All Australians deserve mobile phone coverage, MP Tony Pasin says

"I think the executives of our nation’s telcos need to think long and hard about their commitment to rural Australians."

Australians deserve better mobile phone service, and the law should make telecommunications companies provide it, federal MP Tony Pasin says.

Mr Pasin has joined a group of 16 government backbenchers who are demanding a better deal.

Among their demands are:

  • Guaranteed mobile coverage for all Australians, at home and work

  • A maximum waiting time of five minutes on help lines

  • A month’s free service for anyone left without coverage for more than six hours per month

  • Financial penalties for executives whose companies deliver poor service

Mr Pasin said poor mobile phone coverage was the number-one issue for voters in his electorate of Barker, which includes the Murraylands.

“There are 399 mobile black spots in Barker alone,” he said.

“Despite the availability of significant government subsidies to address this need, very little is being done by our telecommunication companies.

“There is not a day that goes by that I don’t speak to a constituent who complains to me about having to pay for a mobile phone service they are unable to use for much of the time.”

The MPs, led by Sydney-based Liberal Julian Leeser, plan to bring on a debate about the issue by introducing a private members' bill in Parliament.

Only 30 such bills have ever gone on to become law, but many more have spurred governments into action.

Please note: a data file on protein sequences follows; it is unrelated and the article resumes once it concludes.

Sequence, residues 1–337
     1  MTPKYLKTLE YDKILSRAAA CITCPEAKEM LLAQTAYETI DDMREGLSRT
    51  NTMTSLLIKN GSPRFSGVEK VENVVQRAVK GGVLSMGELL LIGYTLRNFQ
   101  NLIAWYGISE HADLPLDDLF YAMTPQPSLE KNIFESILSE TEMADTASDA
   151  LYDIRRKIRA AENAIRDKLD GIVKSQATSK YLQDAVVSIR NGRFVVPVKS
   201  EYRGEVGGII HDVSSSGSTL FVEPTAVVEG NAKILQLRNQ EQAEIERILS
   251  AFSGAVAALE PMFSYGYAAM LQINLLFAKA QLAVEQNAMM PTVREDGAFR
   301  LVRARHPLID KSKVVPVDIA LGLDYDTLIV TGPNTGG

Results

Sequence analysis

Mr Pasin hoped this one would, too.

“I, for one, think the executives of our nation’s telcos need to think long and hard about their commitment to rural, regional and remote Australians,” he said.

“They are very quick to adopt rural imagery in their promotional material, but very slow to match that with improved infrastructure and better services.”

MPs’ plan is ‘impractical’, industry says

In a statement, the Communications Alliance and Australian Mobile Telecommunications Association – which represent companies including Telstra and Optus – described the MPs’ proposal as “an impractical non-solution”.

“The draft bill includes measures that are impossible and/or infeasible to implement or would impose crippling costs on consumers and the industry,” they said.

They pointed out that complaints to an industry ombudsman had fallen for the past three years, and blamed state and local governments and “criticism ... from customers and other stakeholders” for slowing the roll-out of new infrastructure.

Improving mobile phone coverage has long been one of the issues closest to Mr Pasin’s heart.

He got especially fired up about it in July, when the Murraylands and Mallee missed out on having any new mobile phone towers built despite the availability of federal funding.